By Russell Mokhiber, editor

July 10, 2023  Corporate Crime Reporter


Health care corporations in a Medicare privatization program set up by the Center for Medicare and Medicaid Services (CMS) are being granted fraud and abuse waivers.

The program is called the Center for Medicare and Medicaid Innovation (CMMI or Innovation Center).


Kay Tillow, who is with the group National Single Payer, came across a CMS page titled Fraud and Abuse Waivers that lists the programs that are entitled to the waivers.

Tillow says that the Affordable Care Act of 2010, among its many provisions, set up the Innovation Center within CMS to promote experimental models in Medicare that would save money while maintaining or improving quality, or that would cost the same while improving the quality of care. Models approved by CMS can be automatically implemented into Medicare without congressional approval.

Tillow says that the Innovation Center models are not working to accomplish the stated purposes of quality and cost savings.

“The majority have not saved money, and several are on pace to lose billions of dollars,” reports Bill Frist, former senator and an owner of the giant hospital chain HCA.

‘The majority of models do not show significant improvements in quality, says Brad Smith, former Innovation Center director. He adds, “The models are neither saving money nor improving care, but the Innovation Center has $10 billion dollars to spend each decade and keeps churning out new models.”

Corporate Crime Reporter put additional questions to Kay Tillow:

How did you come across the fraud and abuse waivers page?

“For a period of time a number of us have been working on the privatization of Medicare,” Tillow told Corporate Crime Reporter in an interview last month. “We are concerned about that. And we are concerned about people who chose traditional Medicare being placed into Direct Contracting Entities. They were renamed ACO Reach. We were looking into the extent to which the Centers for Medicare and Medicaid Services (CMS) is actually handing over this public program to private equity, private venture capital, and big insurance companies.”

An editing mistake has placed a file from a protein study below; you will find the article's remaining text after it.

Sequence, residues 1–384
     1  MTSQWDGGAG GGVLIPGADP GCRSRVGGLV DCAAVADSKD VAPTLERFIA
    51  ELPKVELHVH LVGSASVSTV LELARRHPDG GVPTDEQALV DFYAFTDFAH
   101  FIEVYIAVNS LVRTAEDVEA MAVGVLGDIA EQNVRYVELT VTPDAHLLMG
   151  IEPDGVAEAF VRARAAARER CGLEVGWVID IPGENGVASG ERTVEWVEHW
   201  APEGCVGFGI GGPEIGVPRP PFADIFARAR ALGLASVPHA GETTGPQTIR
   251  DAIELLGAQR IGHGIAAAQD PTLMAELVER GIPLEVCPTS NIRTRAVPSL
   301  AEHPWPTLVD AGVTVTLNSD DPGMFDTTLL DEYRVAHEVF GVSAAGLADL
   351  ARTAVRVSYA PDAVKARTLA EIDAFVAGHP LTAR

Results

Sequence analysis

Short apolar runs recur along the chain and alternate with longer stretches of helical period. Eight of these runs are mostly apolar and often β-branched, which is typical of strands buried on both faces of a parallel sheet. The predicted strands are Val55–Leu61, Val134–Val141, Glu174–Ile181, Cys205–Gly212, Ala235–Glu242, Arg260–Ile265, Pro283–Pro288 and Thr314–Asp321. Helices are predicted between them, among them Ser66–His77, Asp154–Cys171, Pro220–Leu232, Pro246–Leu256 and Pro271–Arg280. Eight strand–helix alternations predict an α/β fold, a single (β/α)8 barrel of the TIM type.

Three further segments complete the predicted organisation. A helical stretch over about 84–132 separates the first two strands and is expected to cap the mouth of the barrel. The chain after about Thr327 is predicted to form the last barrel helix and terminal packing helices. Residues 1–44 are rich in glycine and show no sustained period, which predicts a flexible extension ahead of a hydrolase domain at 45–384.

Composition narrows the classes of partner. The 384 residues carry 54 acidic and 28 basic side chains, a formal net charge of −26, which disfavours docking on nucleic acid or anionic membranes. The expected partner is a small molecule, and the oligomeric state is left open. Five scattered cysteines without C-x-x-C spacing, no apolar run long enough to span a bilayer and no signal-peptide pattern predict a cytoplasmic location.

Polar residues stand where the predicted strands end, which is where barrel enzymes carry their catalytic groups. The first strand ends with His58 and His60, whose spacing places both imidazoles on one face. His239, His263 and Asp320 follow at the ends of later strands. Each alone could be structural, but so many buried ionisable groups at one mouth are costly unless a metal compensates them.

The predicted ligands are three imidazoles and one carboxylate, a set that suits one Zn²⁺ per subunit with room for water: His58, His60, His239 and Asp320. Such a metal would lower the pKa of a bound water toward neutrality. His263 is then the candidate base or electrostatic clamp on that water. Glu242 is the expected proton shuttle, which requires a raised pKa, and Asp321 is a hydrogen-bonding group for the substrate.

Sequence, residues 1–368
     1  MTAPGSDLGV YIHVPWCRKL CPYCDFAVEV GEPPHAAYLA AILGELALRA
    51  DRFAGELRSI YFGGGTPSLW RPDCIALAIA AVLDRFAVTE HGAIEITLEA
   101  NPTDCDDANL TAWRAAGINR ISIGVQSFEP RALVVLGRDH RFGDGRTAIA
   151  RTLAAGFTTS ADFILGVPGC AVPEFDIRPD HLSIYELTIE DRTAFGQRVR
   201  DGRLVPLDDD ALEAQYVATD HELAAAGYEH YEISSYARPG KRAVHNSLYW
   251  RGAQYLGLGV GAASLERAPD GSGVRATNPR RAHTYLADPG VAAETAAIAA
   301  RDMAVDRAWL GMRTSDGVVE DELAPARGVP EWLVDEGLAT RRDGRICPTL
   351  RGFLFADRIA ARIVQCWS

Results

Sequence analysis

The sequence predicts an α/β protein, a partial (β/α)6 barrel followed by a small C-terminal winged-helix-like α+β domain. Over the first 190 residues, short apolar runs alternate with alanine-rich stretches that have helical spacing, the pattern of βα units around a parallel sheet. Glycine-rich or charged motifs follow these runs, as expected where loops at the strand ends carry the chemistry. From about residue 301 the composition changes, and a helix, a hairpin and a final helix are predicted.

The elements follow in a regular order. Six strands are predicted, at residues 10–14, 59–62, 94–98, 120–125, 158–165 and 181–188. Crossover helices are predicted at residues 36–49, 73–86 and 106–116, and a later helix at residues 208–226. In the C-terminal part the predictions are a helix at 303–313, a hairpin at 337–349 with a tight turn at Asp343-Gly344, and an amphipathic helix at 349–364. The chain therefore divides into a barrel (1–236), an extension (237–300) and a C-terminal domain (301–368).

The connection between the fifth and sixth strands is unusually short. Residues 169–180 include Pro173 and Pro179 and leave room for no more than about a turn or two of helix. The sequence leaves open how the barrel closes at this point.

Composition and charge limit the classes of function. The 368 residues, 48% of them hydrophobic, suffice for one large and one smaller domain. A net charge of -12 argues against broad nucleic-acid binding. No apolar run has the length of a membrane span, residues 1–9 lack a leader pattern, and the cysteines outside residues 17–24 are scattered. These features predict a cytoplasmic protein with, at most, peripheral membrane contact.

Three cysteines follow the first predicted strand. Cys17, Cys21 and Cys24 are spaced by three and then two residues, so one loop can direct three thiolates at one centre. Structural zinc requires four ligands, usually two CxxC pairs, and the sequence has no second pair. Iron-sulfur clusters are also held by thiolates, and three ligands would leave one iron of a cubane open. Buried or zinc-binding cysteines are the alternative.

“I’ve been wandering around, exploring it, working to explain it to senior groups and other organizations to try and get a movement against this privatization. Medicare Advantage is being overpaid and is gouging the Medicare Trust Fund.”

“I read what I can about it. And I came across a CMS web page called Fraud and Abuse Waivers. It’s an official government CMS website that lists all of these programs that are given the green light to commit fraud and abuse.”

How many programs like this are there?

“Dozens I think. I don’t know the exact number. They are part of the Center for Medicare and Medicaid Innovation (CMMI). It was born as part of the Accountable Care Act of 2010 when it was created. All of these programs are within the CMMI.”

“That is the privatizing machine to turn over healthcare to private industry, to recreate a kind of managed care organization with middle men who make money. I don’t know if it’s all of the programs created by CMMI, but it certainly is many of them.”

What percentage of Medicare enrollees are enrolled in these programs?

“Just barely over 50 percent are in Medicare Advantage programs. Then there is another 2.2 million in ACO Reach. I think it’s probably two-thirds or so that are now in one of the privatized programs under CMS.”

But not all Medicare enrollees are in programs eligible for fraud and abuse waivers.

“No. But there is a program called Value Based Insurance Design (VBID). It’s a model under the CMMI. That program seems to have something like over nine million people in it. That program is eligible for Medicare fraud and abuse waivers.”